Tuesday, May 11, 2010

Salt on the wane

When I tell people that the most dangerous food additive they are likely to eat is salt they get really disappointed because they expect me to say an artificial sweetener or flavour, neither of which probably has any effect on their health. Salt is off the radar; no-one cares about salt.

It’s easy to tell people to stop sprinkling salt on their meals, but in reality this does little to reduce overall salt intake as 80% of the salt in the diet has been put there by food manufacturers.

At the Public Health Association of Australia annual conference recently in Canberra, we were told that the Heart Foundation’s tick program has reduced salt levels by 12% on average in foods with the tick. Kelloggs’ 12 most popular cereals have dropped their sodium by 40% on average. For example, the Cornflakes people ate in the 1980s had one and a half times more salt than the Cornflakes today. Yikes!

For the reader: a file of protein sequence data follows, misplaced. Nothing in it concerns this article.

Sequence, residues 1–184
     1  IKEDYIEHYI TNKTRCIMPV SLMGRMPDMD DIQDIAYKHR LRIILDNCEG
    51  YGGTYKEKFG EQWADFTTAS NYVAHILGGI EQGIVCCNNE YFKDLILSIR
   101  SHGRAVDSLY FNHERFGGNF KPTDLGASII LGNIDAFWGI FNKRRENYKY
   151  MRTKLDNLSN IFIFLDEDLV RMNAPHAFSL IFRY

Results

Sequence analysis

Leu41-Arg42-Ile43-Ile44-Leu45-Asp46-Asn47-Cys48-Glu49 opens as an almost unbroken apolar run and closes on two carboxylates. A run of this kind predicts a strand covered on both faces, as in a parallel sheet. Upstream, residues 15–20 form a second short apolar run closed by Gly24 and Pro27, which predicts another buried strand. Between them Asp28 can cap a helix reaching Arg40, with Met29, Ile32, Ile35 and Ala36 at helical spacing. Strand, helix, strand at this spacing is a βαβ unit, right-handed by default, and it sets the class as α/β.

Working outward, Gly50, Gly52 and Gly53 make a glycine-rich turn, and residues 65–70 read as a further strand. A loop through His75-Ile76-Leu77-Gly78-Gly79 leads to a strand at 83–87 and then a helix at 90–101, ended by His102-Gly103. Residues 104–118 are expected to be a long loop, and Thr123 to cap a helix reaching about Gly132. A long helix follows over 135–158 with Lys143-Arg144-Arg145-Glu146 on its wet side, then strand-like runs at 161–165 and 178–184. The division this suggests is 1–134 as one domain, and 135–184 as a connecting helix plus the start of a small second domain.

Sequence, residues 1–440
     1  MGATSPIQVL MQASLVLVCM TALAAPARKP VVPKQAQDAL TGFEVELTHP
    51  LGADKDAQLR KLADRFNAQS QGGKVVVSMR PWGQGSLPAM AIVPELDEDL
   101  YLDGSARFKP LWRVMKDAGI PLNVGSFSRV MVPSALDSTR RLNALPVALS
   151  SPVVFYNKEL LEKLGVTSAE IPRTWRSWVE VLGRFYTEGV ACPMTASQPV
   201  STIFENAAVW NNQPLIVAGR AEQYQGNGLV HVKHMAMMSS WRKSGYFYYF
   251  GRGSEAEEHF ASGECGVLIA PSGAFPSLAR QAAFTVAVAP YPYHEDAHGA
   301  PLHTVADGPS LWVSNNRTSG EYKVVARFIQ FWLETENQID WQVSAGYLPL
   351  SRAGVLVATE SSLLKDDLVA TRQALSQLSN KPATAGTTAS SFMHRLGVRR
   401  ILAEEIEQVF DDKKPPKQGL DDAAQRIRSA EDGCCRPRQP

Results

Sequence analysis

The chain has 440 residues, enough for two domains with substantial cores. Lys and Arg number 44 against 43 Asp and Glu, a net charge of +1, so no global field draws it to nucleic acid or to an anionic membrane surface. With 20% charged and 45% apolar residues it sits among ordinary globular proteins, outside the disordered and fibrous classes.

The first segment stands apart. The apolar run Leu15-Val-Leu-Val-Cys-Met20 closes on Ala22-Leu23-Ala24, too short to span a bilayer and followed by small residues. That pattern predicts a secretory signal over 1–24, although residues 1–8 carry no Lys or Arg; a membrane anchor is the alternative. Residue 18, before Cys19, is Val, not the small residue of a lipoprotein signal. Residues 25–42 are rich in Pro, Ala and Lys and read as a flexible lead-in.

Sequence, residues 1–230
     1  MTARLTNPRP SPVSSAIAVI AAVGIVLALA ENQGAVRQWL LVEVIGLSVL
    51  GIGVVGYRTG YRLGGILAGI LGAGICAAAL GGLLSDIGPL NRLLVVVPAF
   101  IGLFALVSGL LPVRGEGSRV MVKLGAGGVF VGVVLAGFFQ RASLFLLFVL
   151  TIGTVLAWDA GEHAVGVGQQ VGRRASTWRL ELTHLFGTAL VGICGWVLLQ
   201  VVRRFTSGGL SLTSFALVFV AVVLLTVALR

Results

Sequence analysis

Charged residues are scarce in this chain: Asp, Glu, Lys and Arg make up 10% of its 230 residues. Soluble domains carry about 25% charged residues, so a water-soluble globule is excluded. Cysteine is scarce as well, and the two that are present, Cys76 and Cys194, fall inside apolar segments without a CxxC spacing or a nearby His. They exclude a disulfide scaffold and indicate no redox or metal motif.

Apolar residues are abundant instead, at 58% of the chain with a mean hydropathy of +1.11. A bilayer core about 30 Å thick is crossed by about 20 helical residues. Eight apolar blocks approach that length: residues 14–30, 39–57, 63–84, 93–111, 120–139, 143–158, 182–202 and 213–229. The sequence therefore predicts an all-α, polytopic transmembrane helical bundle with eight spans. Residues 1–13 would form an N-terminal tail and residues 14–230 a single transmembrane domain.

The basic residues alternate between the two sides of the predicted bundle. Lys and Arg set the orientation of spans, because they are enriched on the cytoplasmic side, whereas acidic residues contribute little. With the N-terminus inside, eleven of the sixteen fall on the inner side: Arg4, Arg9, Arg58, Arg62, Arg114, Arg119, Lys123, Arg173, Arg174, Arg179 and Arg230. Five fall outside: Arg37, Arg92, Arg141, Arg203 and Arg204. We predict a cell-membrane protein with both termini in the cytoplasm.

By 2013 all the major bread manufacturers will reduce their salt content to a maximum of 400mg/100g. This is a significant step because bread is the main salt source in many people’s diet.

Even Smiths crisps have dropped their salt by 17% and Vegemite has gradually got less and less salt over the last two decades. I’m not suggesting that bread, crisps and Vegemite are, or will become, “low salt”, just that they have a lot less salt than before. Good to see the food industry taking a step in the right direction.

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